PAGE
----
@Gnip I don't understand why people think it's okay to bully someone for things like this. It's not like the person really chooses to do it, lol. Crazy how even adults can stoop so such low levels. Pathetic, really.

Mm, you're absolutely right about how once one habit ceases, another tends to start. You see it with people who quit addictions, like smoking or gambling. It's the same for these sorts of things. I don't think my trich is a sign of OCD, but I think it could be a result of my anxiety. I also struggle with an eating disorder, go figure.
 
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LittleBabyNothing

LittleBabyNothing

Suffering Autointoxification
Nov 22, 2020
436
Anyone else have to get the root as well and not just the hair? I caused myself severe bold patches as a teen. On the plus side it saves me going to salon, my vanity has taught me direct urges and to pluck body hair not head hair.
 
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BitterlyAlive_

BitterlyAlive_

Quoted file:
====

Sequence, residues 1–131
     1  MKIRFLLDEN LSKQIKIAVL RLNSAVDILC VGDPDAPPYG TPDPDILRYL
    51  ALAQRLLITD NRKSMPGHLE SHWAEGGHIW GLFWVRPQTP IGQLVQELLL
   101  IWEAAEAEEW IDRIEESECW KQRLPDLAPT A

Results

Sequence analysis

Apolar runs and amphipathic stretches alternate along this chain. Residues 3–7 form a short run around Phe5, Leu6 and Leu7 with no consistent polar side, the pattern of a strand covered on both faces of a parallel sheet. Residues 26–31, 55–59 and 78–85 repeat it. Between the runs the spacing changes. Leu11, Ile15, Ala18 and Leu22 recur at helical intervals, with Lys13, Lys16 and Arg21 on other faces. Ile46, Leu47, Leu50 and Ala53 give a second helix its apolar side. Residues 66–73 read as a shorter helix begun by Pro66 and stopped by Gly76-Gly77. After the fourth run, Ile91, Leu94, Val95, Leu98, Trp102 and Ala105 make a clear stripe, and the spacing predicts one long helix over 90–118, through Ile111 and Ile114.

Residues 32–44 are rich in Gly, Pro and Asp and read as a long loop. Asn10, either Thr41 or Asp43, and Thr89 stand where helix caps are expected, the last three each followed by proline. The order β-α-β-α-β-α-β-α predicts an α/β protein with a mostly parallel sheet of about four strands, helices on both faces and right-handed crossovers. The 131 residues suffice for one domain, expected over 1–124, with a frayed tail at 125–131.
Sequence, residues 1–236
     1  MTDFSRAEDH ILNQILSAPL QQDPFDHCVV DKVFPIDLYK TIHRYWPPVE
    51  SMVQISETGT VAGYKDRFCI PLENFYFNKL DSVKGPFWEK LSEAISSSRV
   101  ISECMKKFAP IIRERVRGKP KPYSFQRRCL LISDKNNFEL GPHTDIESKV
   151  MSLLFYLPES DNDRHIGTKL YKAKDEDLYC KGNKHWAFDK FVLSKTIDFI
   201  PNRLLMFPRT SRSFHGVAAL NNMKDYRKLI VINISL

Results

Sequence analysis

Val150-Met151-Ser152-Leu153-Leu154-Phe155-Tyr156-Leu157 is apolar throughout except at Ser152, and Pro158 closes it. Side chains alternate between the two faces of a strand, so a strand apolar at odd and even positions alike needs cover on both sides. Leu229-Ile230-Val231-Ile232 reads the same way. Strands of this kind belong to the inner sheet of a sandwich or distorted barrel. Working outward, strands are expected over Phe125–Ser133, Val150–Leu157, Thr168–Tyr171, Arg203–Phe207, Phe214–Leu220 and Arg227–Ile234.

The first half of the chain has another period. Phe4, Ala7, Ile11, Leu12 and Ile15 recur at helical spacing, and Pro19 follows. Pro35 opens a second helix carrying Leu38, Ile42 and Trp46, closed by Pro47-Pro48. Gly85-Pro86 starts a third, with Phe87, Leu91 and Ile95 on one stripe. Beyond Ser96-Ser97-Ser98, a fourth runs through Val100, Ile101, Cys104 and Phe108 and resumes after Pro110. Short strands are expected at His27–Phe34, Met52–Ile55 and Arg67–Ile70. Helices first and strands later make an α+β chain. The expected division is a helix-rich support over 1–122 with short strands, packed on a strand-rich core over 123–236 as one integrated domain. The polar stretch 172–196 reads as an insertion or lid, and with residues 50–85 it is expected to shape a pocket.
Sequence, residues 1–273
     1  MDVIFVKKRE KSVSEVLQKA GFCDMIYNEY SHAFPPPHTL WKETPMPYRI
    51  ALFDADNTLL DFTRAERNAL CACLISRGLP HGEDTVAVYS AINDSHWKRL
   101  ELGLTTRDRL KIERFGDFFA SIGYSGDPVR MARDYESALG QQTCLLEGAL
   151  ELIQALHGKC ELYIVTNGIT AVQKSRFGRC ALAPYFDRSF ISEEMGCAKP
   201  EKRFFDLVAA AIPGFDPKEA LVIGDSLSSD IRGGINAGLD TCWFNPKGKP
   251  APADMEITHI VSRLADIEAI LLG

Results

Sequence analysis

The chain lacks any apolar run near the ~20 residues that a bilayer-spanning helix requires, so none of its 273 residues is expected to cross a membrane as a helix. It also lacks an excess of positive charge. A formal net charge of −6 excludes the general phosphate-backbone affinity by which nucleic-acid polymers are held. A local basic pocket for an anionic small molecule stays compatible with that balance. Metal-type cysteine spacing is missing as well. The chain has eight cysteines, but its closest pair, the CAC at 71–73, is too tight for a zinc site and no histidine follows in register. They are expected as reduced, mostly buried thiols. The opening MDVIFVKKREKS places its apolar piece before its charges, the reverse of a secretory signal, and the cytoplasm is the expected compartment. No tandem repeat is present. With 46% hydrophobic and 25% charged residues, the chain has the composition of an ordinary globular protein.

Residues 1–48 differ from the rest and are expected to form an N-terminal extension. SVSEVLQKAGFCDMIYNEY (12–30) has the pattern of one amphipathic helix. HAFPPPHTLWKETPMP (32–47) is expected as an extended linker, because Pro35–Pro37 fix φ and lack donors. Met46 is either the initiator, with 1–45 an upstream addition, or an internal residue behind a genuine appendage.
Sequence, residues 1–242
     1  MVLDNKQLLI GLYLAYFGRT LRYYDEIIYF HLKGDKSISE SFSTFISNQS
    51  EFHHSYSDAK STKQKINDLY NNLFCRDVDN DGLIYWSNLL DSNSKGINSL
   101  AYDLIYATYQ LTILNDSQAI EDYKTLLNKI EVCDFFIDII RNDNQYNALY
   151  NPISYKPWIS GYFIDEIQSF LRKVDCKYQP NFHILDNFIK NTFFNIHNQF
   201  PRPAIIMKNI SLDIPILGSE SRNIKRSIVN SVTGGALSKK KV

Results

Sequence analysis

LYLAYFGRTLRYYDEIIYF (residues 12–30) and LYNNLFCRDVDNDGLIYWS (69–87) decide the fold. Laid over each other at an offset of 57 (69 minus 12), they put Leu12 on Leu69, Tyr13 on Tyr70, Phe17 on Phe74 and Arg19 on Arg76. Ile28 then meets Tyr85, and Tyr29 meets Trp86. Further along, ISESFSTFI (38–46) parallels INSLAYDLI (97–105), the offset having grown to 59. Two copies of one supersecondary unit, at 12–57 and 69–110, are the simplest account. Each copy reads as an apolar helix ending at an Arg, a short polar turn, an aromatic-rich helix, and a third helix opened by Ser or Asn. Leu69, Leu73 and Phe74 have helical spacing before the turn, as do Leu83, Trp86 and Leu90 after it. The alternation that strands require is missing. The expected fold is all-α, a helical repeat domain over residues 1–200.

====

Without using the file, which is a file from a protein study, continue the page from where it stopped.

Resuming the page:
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Dec 8, 2020
2,046
Anyone else have to get the root as well and not just the hair? I caused myself severe bold patches as a teen. On the plus side it saves me going to salon, my vanity has taught me direct urges and to pluck body hair not head hair.
You mean the follicle itself?
 
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sadgirl2002

sadgirl2002

Fallen Angel
Apr 9, 2019
452
Oh my god... I didn't even know this was a thing! When I was 16, I always used to pull hairs one by one, from my scalp. I didn't know why I did it... I remember I had to walk around with bobby pins on the top of my head to keep the regrown hairs intact, it was awful.
 
Spiral

Spiral

Experienced
Jan 22, 2021